If you go with a dental office that specifically has emergency dental care, odds are that they’ll have a dedicated on-call person to handle emergencies at odd hours. If a dentist doesn’t specifically offer this, it turns into more of a game of luck.

10 Reasons to Go to a Dentist, Not the ER for a Dental Emergency

What Constitutes a Dental Emergency

If there’s something that’s difficult in this world, it’s definitely knowing exactly what constitutes a dental emergency can be pretty difficult, especially if you’re the type that always avoids the doctor whenever possible. The word “emergency” can be a little vague in a medical sense. 

With some medical specialties, it’s not an emergency unless you’re actively dying. You can be in a lot of pain, but if you don’t fit into the boxes you’re not considered to be having an emergency. It might seem cold, but that’s just the reality of a lot of medical disciplines.

Well, dental emergencies are a little different than that. If you’re in a considerable amount of pain, it’s usually considered an emergency. Some dentists do have a few other requirements, if they do you’ll probably be asked the following questions

  • Are you in pain?
  • How would you rate your pain on a scale of one to ten?
  • This question is a little vague for a lot of people, but think of it this way. A 1 is probably about what it feels like when you accidentally prick yourself with a sewing needle, a 10 is likely one of the worst pains you’ve ever experienced.
  • Have you lost a tooth?
  • Do you have any loose teeth?
  • Are you bleeding from the mouth?
  • Are you experiencing any swelling?
  • Do you have any infections that you’re aware of?
  • Is your dental issue causing you to have difficulty chewing or swallowing?
  • Are you able to breathe properly?

In most cases, if a dentist does have other requirements for your issue to be considered an emergency then answering incorrectly will realistically only disqualify you from getting same night service.

That being said, if you’re disqualified from being seen that night, there’s a good chance that someone will try to get you in during office hours. Most of the time they’ll do their best to get you in as close to opening time as they possibly can.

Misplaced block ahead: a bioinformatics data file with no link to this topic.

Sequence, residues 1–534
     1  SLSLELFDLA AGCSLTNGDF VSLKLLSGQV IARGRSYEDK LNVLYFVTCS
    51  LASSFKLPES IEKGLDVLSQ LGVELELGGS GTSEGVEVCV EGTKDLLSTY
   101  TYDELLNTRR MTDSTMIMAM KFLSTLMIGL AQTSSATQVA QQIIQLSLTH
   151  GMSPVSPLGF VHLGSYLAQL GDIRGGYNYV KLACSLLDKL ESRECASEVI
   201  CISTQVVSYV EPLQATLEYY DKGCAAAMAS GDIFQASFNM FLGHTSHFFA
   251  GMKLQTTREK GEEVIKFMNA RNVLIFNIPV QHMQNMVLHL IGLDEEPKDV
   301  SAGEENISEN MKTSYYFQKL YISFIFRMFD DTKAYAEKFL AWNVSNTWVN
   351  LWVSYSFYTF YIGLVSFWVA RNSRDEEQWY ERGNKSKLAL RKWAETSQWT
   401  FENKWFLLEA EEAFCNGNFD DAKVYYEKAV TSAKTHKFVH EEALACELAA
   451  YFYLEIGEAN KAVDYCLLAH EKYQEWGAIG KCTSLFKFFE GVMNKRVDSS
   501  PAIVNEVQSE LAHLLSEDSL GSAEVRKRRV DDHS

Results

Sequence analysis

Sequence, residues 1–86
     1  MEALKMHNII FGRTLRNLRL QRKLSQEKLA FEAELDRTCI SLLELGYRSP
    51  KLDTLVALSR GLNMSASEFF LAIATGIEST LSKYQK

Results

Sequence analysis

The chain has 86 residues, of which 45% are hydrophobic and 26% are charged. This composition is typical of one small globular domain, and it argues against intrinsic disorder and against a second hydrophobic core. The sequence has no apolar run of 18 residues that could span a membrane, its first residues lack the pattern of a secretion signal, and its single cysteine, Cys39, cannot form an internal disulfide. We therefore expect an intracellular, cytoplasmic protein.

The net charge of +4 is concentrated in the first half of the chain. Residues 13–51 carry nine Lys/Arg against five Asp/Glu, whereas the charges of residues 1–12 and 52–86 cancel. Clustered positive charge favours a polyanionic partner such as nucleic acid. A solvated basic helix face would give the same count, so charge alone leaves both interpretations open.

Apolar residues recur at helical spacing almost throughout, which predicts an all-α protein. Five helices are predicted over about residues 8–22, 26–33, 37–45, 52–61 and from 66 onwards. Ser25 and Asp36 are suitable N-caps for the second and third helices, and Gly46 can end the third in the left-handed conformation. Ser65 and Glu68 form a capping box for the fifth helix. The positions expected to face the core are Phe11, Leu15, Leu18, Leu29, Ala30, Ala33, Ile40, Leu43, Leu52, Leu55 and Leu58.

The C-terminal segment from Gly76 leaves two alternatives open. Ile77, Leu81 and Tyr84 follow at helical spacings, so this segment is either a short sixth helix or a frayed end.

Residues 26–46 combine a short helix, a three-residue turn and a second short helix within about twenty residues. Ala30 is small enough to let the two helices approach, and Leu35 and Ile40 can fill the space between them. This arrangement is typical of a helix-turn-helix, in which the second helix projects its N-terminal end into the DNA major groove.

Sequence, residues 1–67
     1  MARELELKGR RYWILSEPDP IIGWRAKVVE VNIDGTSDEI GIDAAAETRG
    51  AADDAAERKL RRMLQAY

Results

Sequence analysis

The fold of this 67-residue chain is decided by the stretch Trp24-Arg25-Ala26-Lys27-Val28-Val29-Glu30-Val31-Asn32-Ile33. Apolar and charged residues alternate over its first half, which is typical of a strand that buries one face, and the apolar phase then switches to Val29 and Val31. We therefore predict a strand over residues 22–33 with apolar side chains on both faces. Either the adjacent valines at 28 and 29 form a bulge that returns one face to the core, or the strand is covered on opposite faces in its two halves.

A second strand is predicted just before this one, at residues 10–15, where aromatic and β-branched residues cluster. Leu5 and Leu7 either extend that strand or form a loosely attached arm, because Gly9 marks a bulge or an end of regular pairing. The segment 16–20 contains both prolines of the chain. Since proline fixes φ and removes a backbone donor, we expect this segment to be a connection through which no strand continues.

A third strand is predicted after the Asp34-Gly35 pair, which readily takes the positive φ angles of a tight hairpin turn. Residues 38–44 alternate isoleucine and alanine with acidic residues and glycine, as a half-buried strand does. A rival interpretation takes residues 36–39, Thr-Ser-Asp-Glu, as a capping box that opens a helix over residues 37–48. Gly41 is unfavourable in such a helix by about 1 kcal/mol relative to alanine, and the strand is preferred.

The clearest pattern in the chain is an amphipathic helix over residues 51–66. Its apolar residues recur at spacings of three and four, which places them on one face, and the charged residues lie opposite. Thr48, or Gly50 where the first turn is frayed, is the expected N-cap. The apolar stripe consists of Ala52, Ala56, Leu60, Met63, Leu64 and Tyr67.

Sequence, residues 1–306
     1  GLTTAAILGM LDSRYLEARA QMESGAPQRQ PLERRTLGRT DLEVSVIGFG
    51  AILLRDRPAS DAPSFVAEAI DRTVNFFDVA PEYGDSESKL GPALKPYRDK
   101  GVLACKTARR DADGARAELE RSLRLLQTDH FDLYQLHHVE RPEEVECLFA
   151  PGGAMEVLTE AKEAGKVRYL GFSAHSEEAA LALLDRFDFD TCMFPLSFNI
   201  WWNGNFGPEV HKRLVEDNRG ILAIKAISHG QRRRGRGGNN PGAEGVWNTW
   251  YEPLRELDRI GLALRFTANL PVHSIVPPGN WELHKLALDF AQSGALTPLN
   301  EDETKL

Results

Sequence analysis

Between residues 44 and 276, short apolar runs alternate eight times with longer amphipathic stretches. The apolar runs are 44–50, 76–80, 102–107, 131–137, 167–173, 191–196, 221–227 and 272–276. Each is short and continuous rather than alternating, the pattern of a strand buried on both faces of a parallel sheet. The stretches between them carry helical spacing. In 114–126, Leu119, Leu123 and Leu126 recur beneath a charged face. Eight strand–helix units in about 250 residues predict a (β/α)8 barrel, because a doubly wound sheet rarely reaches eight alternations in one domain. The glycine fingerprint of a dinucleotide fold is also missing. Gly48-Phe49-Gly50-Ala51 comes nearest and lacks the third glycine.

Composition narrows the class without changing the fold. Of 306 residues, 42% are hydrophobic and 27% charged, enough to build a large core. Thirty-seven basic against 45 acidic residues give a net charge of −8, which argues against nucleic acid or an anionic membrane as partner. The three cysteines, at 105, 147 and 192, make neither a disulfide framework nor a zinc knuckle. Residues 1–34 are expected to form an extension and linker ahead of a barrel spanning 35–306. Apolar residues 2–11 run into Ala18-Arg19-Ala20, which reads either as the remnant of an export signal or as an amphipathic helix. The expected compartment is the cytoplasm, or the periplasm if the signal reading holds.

What Causes Dental Emergencies?

Now, you might be a little confused as to why dentists are often so lenient about their definition of an emergency. If other medical disciplines will decide that you don’t have an emergency based on certain things, why are dentists so willing to provide emergency service?

The reason for this is rather simple, and the short version is that dental emergencies are really easy to notice. Your mouth shouldn’t hurt that bad, there’s a reason why most people completely forget to go to the dentist or understate the importance of emergency dental care in the first place. 

The longer version has a lot to do with the reasons why dental emergencies happen in the first place. Of course, you’re experiencing pain. But why are you experiencing pain is the real question. Dental emergencies can be caused by:

  • Infections.
  • Trauma.
  • This includes being hit in the face or hitting your face on things and breaking teeth.
  • Abscesses.
  • Missing teeth.
  • Missing fillings.
  • Broken crowns.
  • Food/object lodged between teeth.

Now, do keep in mind that most dental emergencies aren’t life-threatening. The issue with dentistry is that it’s really hard to make a judgment call over the phone. You can’t see into your mouth and it’s unlikely anyone in your immediate vicinity would know what to look for, even with direction.

So, when given the choice, most dentists would much rather have you come in to make sure that everything is ok than to let you sit there with a life-threatening tooth issue that could either cause a much larger emergency or, unfortunately, end up costing you your life. 

Getting Dental Care When You Need it Most

Most of the time, your mouth is fine to the point that you might even forget that dentists exist occasionally. That being said, even if it’s only 1% of the time that you have serious dental issues, you’ll be happy that you had an emergency dentist.